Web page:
Difficulties associated with conducting complex fraud trials will be discussed at a special meeting in Melbourne today of senior law officers from throughout Australia.
Western Australian Attorney General Joe Berinson said the investigation and prosecution of fraud was long and complex by traditional standards, and could place great strain on the physical resources of the criminal justice system.
"There is also concern about the strain placed on some participants, particularly members of the jury, who can face lengthy involvement in the more complex cases," he said.
"Justice and fairness must remain paramount, but any reforms capable of enhancing efficiency without detriment to the participants would be in the interests of all parties by reducing time and costs."
The recommendations being considered at today's meeting include a number of reforms already implemented in Western Australia which have attracted interest from other States.
"Important reforms have also occurred in other States, and the national perspective now being placed on the issue gives all States and the Commonwealth an opportunity to consider the merits and potential for wider adoption of the various initiatives," Mr Berinson said.
Interest had been shown in specific WA provisions, including:
· the ability of WA courts to determine questions of law and evidence before a jury was empanelled;
· the ability of WA, NSW and Commonwealth courts to admit the statements of a witness which were not disputed without calling the witness;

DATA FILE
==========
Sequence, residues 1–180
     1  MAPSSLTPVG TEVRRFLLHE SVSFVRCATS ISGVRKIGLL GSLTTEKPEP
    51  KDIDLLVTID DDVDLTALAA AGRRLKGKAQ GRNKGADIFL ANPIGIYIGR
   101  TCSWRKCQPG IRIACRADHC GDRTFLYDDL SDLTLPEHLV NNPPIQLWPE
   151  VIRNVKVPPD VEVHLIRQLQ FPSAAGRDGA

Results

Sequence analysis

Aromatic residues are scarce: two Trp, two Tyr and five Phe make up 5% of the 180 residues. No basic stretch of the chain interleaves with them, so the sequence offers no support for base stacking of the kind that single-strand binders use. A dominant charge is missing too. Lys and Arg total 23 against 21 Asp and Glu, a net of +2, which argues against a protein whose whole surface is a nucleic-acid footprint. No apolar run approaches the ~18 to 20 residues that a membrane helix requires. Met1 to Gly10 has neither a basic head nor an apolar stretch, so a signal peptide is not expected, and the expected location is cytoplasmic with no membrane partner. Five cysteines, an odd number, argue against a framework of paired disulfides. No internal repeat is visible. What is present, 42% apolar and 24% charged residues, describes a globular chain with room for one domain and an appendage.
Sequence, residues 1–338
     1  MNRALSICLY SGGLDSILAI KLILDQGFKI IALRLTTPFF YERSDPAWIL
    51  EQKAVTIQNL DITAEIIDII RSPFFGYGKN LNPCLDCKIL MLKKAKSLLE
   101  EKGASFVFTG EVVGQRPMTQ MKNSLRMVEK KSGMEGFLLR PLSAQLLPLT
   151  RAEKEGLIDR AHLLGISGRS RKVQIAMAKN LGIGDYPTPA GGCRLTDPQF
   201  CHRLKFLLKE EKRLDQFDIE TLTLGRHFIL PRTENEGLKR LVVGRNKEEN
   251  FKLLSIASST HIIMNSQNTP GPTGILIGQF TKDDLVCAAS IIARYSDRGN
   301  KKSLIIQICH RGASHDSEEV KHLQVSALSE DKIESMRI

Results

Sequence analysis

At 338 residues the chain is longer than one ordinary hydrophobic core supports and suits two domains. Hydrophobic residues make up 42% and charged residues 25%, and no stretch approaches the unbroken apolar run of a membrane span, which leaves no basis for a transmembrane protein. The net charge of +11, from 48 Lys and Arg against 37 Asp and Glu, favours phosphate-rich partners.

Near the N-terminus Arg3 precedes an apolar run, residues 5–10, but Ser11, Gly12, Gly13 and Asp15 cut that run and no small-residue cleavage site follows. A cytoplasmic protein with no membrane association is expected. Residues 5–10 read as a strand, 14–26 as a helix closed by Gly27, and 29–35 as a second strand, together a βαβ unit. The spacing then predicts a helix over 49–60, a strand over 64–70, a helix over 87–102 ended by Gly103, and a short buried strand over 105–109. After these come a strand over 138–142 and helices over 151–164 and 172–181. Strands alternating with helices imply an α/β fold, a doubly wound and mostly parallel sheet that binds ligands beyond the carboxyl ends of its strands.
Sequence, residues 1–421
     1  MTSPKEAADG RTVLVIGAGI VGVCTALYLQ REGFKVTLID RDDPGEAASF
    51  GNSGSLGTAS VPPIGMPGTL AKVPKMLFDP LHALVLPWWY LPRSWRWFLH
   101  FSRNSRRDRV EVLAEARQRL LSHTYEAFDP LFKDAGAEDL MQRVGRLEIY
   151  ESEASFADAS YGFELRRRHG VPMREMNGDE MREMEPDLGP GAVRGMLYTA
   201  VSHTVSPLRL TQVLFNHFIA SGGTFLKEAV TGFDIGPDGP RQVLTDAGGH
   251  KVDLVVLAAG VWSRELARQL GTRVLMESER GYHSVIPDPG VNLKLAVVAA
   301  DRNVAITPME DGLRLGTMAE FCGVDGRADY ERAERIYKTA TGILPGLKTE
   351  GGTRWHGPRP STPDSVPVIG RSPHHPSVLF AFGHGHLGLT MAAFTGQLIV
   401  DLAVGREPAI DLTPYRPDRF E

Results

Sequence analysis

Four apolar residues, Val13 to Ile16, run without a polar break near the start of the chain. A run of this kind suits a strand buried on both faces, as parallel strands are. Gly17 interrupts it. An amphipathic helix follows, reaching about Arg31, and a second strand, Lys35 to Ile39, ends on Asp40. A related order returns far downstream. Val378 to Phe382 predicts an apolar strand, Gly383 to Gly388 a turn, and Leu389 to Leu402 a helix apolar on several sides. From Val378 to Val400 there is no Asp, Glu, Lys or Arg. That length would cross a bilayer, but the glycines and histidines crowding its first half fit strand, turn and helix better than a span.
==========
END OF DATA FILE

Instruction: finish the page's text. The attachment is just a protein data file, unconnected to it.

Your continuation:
· capacity for the defence and prosecution to agree to undisputed evidence and proceed without further argument or deliberation; and
· capacity for judges to discount sentences if guilty pleas are made early in the trial process. (This provision is included in legislation currently before the WA Parliament.)
Other issues to be considered include the streamlining of committal proceedings, greater pre-trial disclosure of details of prosecution and defence cases, and ways to make evidence more comprehensible to jurors.
Mr Berinson said some of the proposals were the result of recommendations from judges, prosecutors and others involved in the trial process, who discussed fraud issues at recent white-collar crime conferences.
Western Australia's Director of Public Prosecutions, John McKechnie QC, will attend the meeting.